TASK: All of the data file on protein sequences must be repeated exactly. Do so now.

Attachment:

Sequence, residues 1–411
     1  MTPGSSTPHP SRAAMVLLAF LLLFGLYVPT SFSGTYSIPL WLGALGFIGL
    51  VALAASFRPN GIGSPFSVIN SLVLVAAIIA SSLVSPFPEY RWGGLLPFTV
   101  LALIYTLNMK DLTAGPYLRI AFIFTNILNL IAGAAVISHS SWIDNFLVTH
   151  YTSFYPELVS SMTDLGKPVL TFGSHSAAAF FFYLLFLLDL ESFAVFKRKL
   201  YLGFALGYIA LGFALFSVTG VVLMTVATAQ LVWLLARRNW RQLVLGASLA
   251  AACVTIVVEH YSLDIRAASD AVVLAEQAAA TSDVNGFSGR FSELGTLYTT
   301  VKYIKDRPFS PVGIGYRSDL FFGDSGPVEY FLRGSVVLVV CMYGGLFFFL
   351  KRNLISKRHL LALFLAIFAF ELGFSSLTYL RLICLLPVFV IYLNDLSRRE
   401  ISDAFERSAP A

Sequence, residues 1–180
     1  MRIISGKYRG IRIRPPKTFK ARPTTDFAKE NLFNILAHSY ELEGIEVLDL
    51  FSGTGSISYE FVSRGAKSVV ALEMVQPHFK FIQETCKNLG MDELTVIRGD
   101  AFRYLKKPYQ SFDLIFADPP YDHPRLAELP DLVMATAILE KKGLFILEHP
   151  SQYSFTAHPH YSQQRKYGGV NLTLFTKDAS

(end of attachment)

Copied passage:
Sequence, residues 1–411
     1  MTPGSSTPHP SRAAMVLLAF LLLFGLYVPT SFSGTYSIPL WLGALGFIGL
    51  VALAASFRPN GIGSPFSVIN SLVLVAAIIA SSLVSPFPEY RWGGLLPFTV
   101  LALIYTLNMK DLTAGPYLRI AFIFTNILNL IAGAAVISHS SWIDNFLVTH
   151  YTSFYPELVS SMTDLGKPVL TFGSHSAAAF FFYLLFLLDL ESFAVFKRKL
   201  YLGFALGYIA LGFALFSVTG VVLMTVATAQ LVWLLARRNW RQLVLGASLA
   251  AACVTIVVEH YSLDIRAASD AVVLAEQAAA TSDVNGFSGR FSELGTLYTT
   301  VKYIKDRPFS PVGIGYRSDL FFGDSGPVEY FLRGSVVLVV CMYGGLFFFL
   351  KRNLISKRHL LALFLAIFAF ELGFSSLTYL RLICLLPVFV IYLNDLSRRE
   401  ISDAFERSAP A

Sequence, residues 1–180
     1  MRIISGKYRG IRIRPPKTFK ARPTTDFAKE NLFNILAHSY ELEGIEVLDL
    51  FSGTGSISYE FVSRGAKSVV ALEMVQPHFK FIQETCKNLG MDELTVIRGD
   101  AFRYLKKPYQ SFDLIFADPP YDHPRLAELP DLVMATAILE KKGLFILEHP
   151  SQYSFTAHPH YSQQRKYGGV NLTLFTKDAS